SJ8598 : Former Ancoats Hospital, Mill Street
taken 7 years ago, near to Manchester, Great Britain
The Ancoats Hospital and Ardwick and Ancoats Dispensary
The hospital began life in 1828 as the “Ardwick and Ancoats Dispensary” on Great Ancoats Street. In 1869, it moved to this building in Mill Street which was built to serve the influx of people who came to the Ancoats area during Manchester’s industrial hey-day (by the 1830s, around 32,000 people lived and worked in Ancoats; this population consisted principally of Irish labourers and textile workers Link ) . The specific purpose of dispensaries was to advise and treat poor people at their homes or as outpatients, relieving some of the burden on hospital facilities and minimising the possibility of epidemics that could arise if people with infectious diseases were admitted to hospitals as inpatients.
The Dispensary was the earliest building on what subsequently grew to become a much larger site. In 1875, Ancoats began a Provident Branch at the Hospital and the Dispensary later separated from the main hospital to be managed by the Provident Dispensary association and becoming a 50 bed hospital for in-patients. The hospital then became officially the “Ancoats Hospital and Ardwick and Ancoats Dispensary”, but it was usually referred to simply as the “Ancoats Hospital”. An interior scene of the building was painted in 1952 by L S Lowry in his work “Ancoats Hospital Outpatients' Hall” Link .
The Dispensary building has significance as the earliest and most architecturally notable building of the former hospital complex and largely comprises a red brick building with polychrome bands, and had steeply pitched hipped slate roofs, and is of an irregular plan, and of a gothic style. The Dispensary was listed `Grade II’ in 1974, with the listing updated in 1994 (English Heritage Building ID: 388313 Link ).
Since the closure of Ancoats Hospital in 1989, the majority of the hospital complex has been demolished and the Dispensary is now the only former hospital building remaining on the Ancoats site. It is derelict and the upstanding remains comprise principally of the exterior walls, which are supported by scaffolding.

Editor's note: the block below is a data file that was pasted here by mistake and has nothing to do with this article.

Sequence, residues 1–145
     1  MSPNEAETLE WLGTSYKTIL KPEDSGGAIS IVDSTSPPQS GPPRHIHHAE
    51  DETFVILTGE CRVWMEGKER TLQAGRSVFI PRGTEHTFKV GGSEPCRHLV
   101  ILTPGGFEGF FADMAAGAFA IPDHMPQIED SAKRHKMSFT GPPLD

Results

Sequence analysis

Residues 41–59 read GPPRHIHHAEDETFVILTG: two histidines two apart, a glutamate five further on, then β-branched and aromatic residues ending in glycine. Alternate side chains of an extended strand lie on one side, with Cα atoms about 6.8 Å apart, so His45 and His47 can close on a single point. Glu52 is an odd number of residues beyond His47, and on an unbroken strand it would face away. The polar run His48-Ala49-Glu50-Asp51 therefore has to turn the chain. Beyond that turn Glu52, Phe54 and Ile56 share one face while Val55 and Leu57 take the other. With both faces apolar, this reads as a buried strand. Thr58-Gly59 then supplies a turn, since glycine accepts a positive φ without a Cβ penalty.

Unfortunately, the developers were unable to find either a new use or a buyer for it and so planning consent was sought for its demolition (Link -application details). A report from the Manchester Evening News in January 2012 (Link ) indicated that The Greater Manchester Building Preservation Trust had agreed to buy the building from Urban Splash for just £1. However, the building is in a poor state of repair and the Trust needs to raise £3m to bring it up to modern standards. A planned grant from the North West Development Agency is no longer available as the agency has been wound down by the government. So the building is not yet safe from the bulldozers. The "Ancoats Dispensary Trust", was formed in 2012 Link with the aim of saving the building.
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- Grid Square
- SJ8598, 480 images (more nearby )
- David Dixon (find more nearby)
- Image classification?
- Date Taken
- Wednesday, 19 May, 2010 (more nearby)
- Thursday, 20 May, 2010
- Geographical Context
- Subject Location
OSGB36: SJ 854 984 [100m precision]
WGS84: 53:28.9404N 2:13.2405W
- Camera Location
- OSGB36: SJ 855 983
- View Direction
- West-northwest (about 292 degrees)
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